Brookhaven Lab and Mount Sinai form joint Center for Translational Biomedical ImagingUPTON, NY - The U.S. Department of Energy's Brookhaven National Laboratory and the Mount Sinai School of Medicine (MSSM) have signed an agreement to establish a 'Joint Center for Translational Biomedical Imaging.' Building on earlier Brookhaven/MSSM collaborations using radioactively tagged molecules (radiotracers) and brain-imaging techniques to investigate the biological basis of attention-deficit/hyperactivity disorder (ADHD) and substance abuse, this formalized agreement will foster more robust research collaborations investigating these and other conditions, including Alzheimer's disease and depression.
Brookhaven Lab's world-class medical-imaging scientists will benefit from collaboration with the highly regarded medical school where research professionals can help identify new molecular targets for radiotracer development and provide access to a broad base of research-subject (patient) populations. The agreement also establishes a mechanism for joint appointments for Brookhaven scientists and the mentoring of Mount Sinai graduate students.
Mount Sinai researchers will gain access to Brookhaven's sophisticated imaging tools - including positron emission tomography (PET), high-field magnetic resonance imaging (MRI), micro-PET, and micro-MRI - as well as Brookhaven's expertise in radiotracer chemistry and specialized facilities for the development of new tracer molecules.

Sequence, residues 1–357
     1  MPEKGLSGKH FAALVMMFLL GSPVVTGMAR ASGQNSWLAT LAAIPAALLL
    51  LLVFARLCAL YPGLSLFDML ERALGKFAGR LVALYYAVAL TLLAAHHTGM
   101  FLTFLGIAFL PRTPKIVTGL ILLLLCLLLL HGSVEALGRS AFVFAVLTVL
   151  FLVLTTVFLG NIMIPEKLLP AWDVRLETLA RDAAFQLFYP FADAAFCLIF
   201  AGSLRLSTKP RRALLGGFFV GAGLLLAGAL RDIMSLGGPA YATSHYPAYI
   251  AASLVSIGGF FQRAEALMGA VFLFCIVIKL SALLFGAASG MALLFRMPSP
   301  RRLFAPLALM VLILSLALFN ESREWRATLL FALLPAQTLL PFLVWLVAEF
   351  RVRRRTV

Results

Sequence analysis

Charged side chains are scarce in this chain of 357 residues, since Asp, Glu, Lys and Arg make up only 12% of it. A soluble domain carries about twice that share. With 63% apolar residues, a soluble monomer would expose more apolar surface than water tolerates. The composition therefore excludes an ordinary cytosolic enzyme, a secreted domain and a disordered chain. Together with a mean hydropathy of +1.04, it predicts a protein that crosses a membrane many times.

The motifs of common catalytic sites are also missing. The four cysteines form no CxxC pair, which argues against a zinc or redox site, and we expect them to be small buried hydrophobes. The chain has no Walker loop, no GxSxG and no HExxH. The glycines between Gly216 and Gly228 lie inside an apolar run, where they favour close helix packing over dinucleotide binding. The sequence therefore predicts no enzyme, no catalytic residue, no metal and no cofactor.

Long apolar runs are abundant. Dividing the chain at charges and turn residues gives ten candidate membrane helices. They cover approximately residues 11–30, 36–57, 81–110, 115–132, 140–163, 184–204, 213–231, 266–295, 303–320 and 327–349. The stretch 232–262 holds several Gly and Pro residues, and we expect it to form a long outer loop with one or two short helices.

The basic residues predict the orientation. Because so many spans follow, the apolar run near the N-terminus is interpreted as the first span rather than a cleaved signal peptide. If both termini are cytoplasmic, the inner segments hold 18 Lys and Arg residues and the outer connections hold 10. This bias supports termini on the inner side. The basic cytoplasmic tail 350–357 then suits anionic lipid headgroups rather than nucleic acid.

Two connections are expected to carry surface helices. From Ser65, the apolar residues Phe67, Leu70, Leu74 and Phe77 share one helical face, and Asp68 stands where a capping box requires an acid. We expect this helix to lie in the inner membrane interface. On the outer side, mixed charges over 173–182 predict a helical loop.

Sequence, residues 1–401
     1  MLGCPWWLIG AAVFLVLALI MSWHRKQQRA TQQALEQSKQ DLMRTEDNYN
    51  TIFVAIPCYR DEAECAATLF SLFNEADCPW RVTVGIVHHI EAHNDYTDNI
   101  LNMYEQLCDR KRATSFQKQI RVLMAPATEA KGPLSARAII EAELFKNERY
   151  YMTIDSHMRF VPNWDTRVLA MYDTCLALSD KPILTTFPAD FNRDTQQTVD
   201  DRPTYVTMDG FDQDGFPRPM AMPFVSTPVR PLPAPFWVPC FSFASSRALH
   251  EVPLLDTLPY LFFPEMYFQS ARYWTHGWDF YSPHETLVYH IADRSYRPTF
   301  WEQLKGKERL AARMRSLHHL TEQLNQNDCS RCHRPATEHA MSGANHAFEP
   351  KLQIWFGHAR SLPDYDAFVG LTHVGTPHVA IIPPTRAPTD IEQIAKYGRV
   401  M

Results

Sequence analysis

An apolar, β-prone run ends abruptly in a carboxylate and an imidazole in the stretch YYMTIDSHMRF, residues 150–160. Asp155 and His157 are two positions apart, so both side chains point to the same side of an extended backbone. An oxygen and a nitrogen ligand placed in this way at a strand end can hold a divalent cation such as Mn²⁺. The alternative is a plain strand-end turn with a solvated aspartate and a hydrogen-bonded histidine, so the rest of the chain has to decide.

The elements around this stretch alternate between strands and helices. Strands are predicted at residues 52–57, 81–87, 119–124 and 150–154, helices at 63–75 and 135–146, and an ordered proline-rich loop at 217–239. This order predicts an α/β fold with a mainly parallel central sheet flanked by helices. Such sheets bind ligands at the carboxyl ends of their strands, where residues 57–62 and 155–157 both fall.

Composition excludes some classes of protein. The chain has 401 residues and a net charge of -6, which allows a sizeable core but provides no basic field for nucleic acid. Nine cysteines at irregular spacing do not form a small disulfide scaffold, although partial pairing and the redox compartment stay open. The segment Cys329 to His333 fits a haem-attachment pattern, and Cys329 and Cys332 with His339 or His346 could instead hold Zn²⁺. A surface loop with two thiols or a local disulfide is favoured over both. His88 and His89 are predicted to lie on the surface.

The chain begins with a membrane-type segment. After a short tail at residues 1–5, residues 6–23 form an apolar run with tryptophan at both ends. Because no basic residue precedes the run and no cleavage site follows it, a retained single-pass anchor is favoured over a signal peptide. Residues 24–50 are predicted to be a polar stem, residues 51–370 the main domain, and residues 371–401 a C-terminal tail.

This agreement draws on the complimentary strengths of our two institutions," said Fritz Henn, Brookhaven Lab's new Associate Laboratory Director for Life Sciences.
"Our hope is that this center will foster innovations in radiotracer development and imaging techniques that can be translated to improvements in the understanding, diagnosis, and treatment of disease, as well as advances in drug research and development."
Said Dr. Dennis Charney, Dean of Academic and Scientific Affairs for Mount Sinai School of Medicine and Senior Vice President for Health Sciences for Mount Sinai Medical Center, "In addition to pursuing the research interests we already share with our Brookhaven colleagues, Mount Sinai scientists will likely identify new medical problems where imaging can play a role. Our medical expertise and experience in clinical studies will also be a great asset when trying to translate and apply Brookhaven's capabilities and developments in imaging to clinical studies of disease and behavior disorders in patients."
Under the agreement, Brookhaven Lab scientists will continue to initiate and lead their own research programs, as well as operate, maintain, and advance the core imaging facilities, associated technical staff, and components of the clinical infrastructure. This novel integration of physical and life sciences has led to a variety of advances in radiopharmaceuticals and nuclear medicine instrumentation and will continue to be funded by the Office of Biological and Environmental Research within the Department of Energy's Office of Science and by the National Institutes of Health (NIH).